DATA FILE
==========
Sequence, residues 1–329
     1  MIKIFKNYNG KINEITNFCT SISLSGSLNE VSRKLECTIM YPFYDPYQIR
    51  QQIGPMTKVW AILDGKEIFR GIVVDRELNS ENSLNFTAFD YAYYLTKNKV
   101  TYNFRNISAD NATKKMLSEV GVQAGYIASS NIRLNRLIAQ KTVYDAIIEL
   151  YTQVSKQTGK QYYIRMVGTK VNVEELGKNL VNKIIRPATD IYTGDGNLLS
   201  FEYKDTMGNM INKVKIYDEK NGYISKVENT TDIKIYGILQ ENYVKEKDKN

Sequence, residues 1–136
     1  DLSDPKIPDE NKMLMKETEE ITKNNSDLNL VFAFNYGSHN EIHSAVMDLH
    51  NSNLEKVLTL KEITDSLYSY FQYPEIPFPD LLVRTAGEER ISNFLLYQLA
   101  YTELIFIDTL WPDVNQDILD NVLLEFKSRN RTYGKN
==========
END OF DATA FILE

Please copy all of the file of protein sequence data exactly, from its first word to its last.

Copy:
Sequence, residues 1–329
     1  MIKIFKNYNG KINEITNFCT SISLSGSLNE VSRKLECTIM YPFYDPYQIR
    51  QQIGPMTKVW AILDGKEIFR GIVVDRELNS ENSLNFTAFD YAYYLTKNKV
   101  TYNFRNISAD NATKKMLSEV GVQAGYIASS NIRLNRLIAQ KTVYDAIIEL
   151  YTQVSKQTGK QYYIRMVGTK VNVEELGKNL VNKIIRPATD IYTGDGNLLS
   201  FEYKDTMGNM INKVKIYDEK NGYISKVENT TDIKIYGILQ ENYVKEKDKN

Sequence, residues 1–136
     1  DLSDPKIPDE NKMLMKETEE ITKNNSDLNL VFAFNYGSHN EIHSAVMDLH
    51  NSNLEKVLTL KEITDSLYSY FQYPEIPFPD LLVRTAGEER ISNFLLYQLA
   101  YTELIFIDTL WPDVNQDILD NVLLEFKSRN RTYGKN